As an entrepreneur, Rajamanohar Somasundaram confesses that he finds it difficult to separate his life or personal challenges from his professional ones. Interestingly, however, his journey into aquaculture started from a personal quest within the professional environment. He was looking for "some green passion", "a new challenge to work with" and, he says, he was "largely inspired by the food value chain". As chance would have it, he met a shrimp farmer on board a train in 2015. Thus, from the cross between a personal search and a chance encounter was born Aquaconnect, a full-stack technology platform devoted to aquaculture of which he is the founder and CEO.
To that search and that chance, Rajamanohar Somasundaram, Raj, added another element that for him is a philosophy: technology as an enabler. When we talk about shrimp farming, especially in Asia, we often focus on the farmers but, as Raj tells WeAreAquaculture, "if you want to improve the farmer's life, you've got to work at multiple levels". As he sees it, technology is a backbone that can be used in many sectors, including the food industry and, in this case, the shrimp industry. A cell phone in the hands of a farmer is a powerful tool, but to be useful it must first win "this constant battle between AI versus AI", ancestral intelligence versus artificial intelligence, and Aquaconnect has done just that. As its founder tells us, its fresh, smart take on the way the collect data is what makes it different.
In the midst of the Mobile revolution, back in 2005-2006, Raj used to run mobile value-added services in India, Southeast Asia, Africa and the Middle East, so at one point he was offering technology solutions in about 15 different countries. As mentioned, at the same time he was "just looking for some green passion because we had reduced to a data pipe for a period of time", and as chance would have it, on one of those train journeys he met a shrimp farmer. They chatted and "that's when I learned more about shrimp farming from him. This gave me an idea of how the industry worked". It was enough to ignite his curiosity and he began his own research into the industry. He had found his "green passion".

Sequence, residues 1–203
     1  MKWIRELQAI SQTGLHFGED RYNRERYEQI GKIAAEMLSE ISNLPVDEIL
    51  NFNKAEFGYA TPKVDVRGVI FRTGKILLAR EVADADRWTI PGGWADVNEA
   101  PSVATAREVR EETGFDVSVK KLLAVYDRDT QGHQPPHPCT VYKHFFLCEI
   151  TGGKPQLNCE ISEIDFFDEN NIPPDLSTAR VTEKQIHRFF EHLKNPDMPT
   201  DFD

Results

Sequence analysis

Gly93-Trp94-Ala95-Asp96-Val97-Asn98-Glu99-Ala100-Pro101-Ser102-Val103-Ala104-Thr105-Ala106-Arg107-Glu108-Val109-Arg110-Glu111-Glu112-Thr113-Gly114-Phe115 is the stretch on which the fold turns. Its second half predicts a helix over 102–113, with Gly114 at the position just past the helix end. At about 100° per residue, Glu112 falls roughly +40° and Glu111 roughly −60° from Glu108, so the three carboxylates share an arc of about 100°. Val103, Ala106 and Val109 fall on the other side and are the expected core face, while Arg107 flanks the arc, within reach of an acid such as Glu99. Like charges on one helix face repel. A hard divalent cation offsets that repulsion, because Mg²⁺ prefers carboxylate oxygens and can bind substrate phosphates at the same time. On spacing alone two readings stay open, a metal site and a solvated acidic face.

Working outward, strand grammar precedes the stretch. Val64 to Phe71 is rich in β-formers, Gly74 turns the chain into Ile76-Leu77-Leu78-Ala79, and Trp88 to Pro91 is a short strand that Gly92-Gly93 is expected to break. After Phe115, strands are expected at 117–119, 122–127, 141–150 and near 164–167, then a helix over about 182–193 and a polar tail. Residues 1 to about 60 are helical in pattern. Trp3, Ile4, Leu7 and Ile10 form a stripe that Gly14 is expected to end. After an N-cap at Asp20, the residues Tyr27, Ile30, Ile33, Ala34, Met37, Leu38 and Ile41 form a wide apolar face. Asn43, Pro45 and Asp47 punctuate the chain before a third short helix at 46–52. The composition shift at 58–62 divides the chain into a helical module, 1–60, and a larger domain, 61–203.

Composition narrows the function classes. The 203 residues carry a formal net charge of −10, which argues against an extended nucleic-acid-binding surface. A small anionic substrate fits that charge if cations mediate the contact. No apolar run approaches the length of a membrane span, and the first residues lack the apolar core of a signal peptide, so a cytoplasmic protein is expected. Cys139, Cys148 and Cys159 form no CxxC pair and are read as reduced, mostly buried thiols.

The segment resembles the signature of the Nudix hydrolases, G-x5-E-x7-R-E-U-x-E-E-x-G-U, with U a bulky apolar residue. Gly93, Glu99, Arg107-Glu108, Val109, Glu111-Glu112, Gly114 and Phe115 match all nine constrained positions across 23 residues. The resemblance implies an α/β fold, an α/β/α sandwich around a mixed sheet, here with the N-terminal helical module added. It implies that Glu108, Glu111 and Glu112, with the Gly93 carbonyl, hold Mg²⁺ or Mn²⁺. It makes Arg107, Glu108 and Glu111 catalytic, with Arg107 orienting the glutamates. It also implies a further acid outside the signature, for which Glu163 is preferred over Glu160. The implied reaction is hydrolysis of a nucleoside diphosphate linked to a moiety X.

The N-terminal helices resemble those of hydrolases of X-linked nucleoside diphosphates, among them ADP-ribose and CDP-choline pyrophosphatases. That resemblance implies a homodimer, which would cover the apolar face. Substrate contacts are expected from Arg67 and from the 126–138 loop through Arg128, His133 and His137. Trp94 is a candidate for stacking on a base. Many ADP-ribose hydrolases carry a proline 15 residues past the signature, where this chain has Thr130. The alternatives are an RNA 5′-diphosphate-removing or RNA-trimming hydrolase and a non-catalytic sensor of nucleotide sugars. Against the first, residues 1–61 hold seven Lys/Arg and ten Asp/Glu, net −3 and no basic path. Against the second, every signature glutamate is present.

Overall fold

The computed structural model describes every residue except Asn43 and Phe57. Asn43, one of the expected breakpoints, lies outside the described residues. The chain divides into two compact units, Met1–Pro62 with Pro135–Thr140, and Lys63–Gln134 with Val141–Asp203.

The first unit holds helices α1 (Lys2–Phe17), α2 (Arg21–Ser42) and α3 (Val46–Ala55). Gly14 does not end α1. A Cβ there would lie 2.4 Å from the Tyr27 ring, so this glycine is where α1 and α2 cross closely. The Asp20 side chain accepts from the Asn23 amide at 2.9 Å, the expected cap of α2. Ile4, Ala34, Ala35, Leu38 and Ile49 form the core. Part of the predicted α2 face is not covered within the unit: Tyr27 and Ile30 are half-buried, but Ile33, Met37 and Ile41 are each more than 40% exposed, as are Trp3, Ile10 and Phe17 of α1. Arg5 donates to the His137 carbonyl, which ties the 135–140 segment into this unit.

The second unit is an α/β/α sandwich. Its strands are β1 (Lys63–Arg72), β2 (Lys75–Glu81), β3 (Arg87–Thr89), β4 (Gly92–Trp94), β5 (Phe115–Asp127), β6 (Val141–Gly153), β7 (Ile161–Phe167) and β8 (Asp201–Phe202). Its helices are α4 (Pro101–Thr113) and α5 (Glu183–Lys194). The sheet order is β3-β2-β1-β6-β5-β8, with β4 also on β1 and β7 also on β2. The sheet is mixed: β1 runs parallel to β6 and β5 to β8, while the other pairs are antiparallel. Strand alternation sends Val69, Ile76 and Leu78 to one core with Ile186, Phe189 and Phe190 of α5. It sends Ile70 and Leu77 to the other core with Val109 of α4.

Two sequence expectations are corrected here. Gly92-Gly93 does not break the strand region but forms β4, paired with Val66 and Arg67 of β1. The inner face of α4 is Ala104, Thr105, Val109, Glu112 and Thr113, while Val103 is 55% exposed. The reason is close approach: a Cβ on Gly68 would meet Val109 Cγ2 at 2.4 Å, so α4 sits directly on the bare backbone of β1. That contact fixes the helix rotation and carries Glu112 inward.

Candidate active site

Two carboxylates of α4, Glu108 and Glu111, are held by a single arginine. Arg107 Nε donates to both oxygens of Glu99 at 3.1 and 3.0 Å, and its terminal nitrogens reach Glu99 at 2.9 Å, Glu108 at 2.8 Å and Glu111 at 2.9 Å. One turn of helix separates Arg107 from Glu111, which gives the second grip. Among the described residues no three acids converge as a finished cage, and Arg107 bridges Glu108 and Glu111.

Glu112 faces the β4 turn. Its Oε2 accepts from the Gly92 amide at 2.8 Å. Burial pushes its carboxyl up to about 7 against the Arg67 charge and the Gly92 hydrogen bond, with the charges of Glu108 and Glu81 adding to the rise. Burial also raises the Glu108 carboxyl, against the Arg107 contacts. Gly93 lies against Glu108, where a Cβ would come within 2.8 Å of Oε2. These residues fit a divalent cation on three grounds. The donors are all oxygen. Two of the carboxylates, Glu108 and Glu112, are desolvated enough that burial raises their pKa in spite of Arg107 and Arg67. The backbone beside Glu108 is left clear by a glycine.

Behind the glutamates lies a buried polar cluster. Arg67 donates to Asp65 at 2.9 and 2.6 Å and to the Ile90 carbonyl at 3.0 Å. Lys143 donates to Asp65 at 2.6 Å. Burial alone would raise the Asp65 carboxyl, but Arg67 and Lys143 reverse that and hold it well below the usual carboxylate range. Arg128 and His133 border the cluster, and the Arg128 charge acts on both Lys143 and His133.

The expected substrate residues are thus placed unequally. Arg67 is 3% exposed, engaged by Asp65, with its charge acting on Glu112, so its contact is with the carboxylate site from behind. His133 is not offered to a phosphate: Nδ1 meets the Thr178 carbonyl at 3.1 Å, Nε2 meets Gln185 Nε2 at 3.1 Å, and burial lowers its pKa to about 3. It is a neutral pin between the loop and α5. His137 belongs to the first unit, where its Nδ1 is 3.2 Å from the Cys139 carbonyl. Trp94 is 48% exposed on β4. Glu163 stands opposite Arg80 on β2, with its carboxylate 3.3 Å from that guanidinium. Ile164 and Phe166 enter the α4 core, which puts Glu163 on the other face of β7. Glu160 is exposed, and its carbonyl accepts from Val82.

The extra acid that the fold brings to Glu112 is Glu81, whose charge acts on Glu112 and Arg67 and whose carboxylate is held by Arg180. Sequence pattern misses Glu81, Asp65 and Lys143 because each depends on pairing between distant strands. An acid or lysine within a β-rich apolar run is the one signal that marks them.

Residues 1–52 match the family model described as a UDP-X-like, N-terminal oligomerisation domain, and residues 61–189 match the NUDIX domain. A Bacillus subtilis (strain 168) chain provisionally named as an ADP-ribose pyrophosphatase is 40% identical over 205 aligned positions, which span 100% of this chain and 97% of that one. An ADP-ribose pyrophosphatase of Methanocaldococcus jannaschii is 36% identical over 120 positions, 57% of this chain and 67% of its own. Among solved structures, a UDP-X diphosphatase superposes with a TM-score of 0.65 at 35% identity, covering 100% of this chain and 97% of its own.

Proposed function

"Till that point in time, I was just thinking that aquaculture is a kind of a cottage industry, where small-scale farmers, they would be having a small pond, and then they would be growing these aquatic animals, and they would be selling it in the local market and… But it was a revelation for me that it is a multi-billion dollar industry, even in India itself", he says. India is one of the largest aquaculture producers and the largest exporter of frozen shrimp in the world. As he explains, the country is producing close to a million tons of shrimp, it is a $7.7 billion industry of seafood every year, and out of that $5 billion export only from farmed shrimp industry.
That discovery made him realize that technology could do a lot for the industry. "We would be able to get the right advisory to the farmers. We'd be able to get the formal financial institution to participate in the aquaculture value chain. And finally, we are also looking at how we improve the market linkage for the local producers to reach the domestic as well as international markets", he explains. "Overall, the idea is to talk about how technology can transform and effectively bring efficiency into this whole value chain for multiple stakeholders".
As we said at the beginning, Raj is convinced that "if you want to improve the farmer's life, you've got to work at multiple levels". In practice, this means that farmers are Aquaconnet's beneficiaries, but they're not direct customers to them. How do you explain that? It's relatively simple when its founder tells us how the platform is organized.